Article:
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Draft Recommendation: Develop a Moorland Neighborhood Pilot Project

Presentation to the Task Force

The Community Policing Subcommittee will be presenting these draft recommendations to the Community and Law Enforcement Task for on Monday, December 8, 2014 at 6:00 PM. 


These recommendations focus on creating a community policing, outreach and engagement plan, developed and agreed upon by residents and law enforcement, in the Moorland area in Southwest Santa Rosa. This project will serve to build trust, reduce crime and improve the quality of life of Moorland neighborhood residents. It will also act as a pilot project that may be replicated in other priority areas in the County.

Brief Overview of Process

The Community Policing Subcommittee received reports from the Sheriff’s Office (SO) and Santa Rosa Police Department (SRPD) about current and past community policing initiatives in the Roseland area. Subcommittee members also attended meetings of the Moorland Healthy Neighborhood initiative, where local residents developed an assessment of the recreation and well-being needs in the Moorland neighborhood, reviewed the County’s 2014 A Portrait of Sonoma County disparities report, researched existing programs on a local and national level that carry out best practices in community policing and discussed the request of Moorland residents for more law enforcement patrol services and an improved relationship between the Moorland neighborhood and law enforcement with representatives of the SO.


Develop a Moorland Community Policing Plan and Project, as a 5-year pilot, which would include the following elements: High levels of collaboration with local school resource officers, faith-based organizations, businesses, community-based organizations, and County/City departments and local residents, with the purpose of developing, implementing and supporting the pilot;

Stronger partnerships with local stakeholders will lead to greater well-being for residents and a more effective law enforcement presence in the community.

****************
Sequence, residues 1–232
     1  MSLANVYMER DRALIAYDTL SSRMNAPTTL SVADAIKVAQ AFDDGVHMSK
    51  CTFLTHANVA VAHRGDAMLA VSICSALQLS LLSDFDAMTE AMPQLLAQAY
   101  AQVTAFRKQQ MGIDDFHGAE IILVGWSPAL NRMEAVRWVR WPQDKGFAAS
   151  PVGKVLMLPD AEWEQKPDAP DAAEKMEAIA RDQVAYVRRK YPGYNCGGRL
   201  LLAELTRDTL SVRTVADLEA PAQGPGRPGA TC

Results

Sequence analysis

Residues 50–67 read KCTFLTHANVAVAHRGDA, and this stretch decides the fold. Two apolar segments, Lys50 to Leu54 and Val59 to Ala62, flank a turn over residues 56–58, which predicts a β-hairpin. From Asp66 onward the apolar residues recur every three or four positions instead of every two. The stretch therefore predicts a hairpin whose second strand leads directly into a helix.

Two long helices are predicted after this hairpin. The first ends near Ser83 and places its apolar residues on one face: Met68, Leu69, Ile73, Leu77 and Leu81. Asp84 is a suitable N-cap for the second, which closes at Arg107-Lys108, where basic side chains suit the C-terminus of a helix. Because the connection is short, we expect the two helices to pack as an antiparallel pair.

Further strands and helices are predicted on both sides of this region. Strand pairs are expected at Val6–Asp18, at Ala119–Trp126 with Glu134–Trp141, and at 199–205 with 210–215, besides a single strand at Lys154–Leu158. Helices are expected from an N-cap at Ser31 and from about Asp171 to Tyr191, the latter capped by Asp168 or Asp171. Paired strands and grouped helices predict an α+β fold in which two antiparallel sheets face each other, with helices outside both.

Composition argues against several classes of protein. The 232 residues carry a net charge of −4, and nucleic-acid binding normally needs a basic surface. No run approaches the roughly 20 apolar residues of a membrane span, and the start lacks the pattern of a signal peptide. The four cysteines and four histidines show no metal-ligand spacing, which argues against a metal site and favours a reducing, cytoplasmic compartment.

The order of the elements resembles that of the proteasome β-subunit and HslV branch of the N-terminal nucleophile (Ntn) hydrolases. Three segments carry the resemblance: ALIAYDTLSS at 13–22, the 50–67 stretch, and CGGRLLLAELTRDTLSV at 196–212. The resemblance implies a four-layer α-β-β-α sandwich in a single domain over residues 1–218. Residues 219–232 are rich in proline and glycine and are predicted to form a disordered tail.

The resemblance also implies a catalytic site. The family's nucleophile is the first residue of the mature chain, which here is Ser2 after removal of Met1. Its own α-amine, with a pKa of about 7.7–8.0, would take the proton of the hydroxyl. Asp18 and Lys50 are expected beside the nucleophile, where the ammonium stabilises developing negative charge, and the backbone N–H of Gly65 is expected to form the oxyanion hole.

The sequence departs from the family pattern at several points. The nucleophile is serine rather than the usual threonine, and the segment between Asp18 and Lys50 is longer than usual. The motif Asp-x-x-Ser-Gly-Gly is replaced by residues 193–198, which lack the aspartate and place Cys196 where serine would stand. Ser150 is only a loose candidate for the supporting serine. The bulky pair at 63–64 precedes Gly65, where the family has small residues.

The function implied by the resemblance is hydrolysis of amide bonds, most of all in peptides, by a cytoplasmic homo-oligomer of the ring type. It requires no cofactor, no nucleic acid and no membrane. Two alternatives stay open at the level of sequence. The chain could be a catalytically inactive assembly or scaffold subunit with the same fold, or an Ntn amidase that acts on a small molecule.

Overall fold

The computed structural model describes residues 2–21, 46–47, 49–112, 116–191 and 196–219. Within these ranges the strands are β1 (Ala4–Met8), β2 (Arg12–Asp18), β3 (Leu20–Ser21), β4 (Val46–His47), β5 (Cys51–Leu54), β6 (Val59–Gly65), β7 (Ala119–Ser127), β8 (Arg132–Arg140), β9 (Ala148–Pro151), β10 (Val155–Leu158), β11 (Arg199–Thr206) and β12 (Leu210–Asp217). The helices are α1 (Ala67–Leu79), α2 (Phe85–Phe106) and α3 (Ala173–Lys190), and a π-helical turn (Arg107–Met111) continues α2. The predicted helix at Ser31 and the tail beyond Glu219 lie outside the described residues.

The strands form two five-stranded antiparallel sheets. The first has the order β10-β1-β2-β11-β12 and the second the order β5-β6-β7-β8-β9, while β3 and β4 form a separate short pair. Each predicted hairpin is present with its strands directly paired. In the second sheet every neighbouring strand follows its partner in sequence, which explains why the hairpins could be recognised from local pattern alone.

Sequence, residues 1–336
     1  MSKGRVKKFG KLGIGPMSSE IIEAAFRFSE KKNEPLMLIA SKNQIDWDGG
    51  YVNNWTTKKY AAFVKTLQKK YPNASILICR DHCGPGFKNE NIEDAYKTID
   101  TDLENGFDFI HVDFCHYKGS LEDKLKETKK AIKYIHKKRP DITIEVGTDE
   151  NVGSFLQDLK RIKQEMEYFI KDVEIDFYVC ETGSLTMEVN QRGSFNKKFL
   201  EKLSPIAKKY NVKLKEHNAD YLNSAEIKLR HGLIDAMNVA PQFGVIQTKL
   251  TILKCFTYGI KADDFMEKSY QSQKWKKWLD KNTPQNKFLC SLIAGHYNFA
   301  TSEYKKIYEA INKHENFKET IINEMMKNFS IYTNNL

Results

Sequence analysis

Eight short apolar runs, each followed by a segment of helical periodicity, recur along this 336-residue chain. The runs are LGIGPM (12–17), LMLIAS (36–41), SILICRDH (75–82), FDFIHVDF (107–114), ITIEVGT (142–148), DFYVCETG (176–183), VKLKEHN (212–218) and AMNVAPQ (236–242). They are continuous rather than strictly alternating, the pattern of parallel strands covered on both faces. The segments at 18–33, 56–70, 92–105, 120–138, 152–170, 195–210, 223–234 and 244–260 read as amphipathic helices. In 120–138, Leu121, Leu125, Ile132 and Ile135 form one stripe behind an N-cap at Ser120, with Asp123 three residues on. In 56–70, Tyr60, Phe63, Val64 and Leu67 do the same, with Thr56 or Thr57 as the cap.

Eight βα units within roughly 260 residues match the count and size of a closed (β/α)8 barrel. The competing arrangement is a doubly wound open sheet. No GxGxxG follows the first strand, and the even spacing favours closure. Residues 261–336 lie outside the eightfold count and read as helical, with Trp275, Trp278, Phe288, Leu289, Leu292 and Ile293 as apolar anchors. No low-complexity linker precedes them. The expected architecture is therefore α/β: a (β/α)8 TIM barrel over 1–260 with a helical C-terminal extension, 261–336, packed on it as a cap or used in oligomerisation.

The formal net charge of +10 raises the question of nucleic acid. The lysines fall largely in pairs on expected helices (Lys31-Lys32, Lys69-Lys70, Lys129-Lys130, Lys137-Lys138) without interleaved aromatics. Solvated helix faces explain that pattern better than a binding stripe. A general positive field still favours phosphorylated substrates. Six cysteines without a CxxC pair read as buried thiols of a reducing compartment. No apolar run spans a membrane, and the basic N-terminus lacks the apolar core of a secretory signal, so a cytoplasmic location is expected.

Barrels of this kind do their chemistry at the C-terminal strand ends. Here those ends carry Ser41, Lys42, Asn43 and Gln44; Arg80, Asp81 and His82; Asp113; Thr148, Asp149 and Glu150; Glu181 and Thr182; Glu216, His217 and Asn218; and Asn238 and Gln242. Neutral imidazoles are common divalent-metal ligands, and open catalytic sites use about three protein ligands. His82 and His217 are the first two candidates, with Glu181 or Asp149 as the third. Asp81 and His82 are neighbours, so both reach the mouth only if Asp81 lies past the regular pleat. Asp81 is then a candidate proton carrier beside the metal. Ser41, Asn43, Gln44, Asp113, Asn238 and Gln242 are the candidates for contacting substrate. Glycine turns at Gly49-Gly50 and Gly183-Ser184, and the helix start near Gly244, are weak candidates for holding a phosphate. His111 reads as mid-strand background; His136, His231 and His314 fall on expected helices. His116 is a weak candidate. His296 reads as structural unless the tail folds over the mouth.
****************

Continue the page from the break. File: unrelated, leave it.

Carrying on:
Through a facilitated series of conversations and meetings, development of a public safety plan for the Moorland neighborhood that is agreed upon by residents and law enforcement.

At a minimum, the public safety plan should include: [1] A community safety survey and dialogue that addresses neighborhood issues regarding trust, current neighborhood policing practices, community and law enforcement concerns and enforcement priorities, and other issues and topics, as agreed upon by participants; [2] regular data collection and reporting regarding the number of traffic and pedestrian stops, interrogations, and arrests categorized by race/ethnicity, age, gender and County trends; [3] regular data collection and reporting regarding other law enforcement topics of interest to the community; [4] a detailed community engagement calendar developed by the LEA and community stakeholders; [5] establishment of a neighborhood council that will assist in implementation of the public safety plan and will assist in providing notice of meetings and distributing information about law enforcement activities in the neighborhood.

The creation of the plan and implementation of its goals will result in methods for readily sharing information about crime, police operations and social issues in the neighborhood. Long-term assignment of deputies will lead to expertise and trust that promotes trust and problem solving.

Assignment of two deputies to the Moorland for a minimum of five years each. The deputies will be tasked with identifying and solving neighborhood law enforcement issues and concerns, getting to know and establishing relationships with neighborhood residents, leaders and local organizations, and leading local engagement efforts on behalf of their agencies.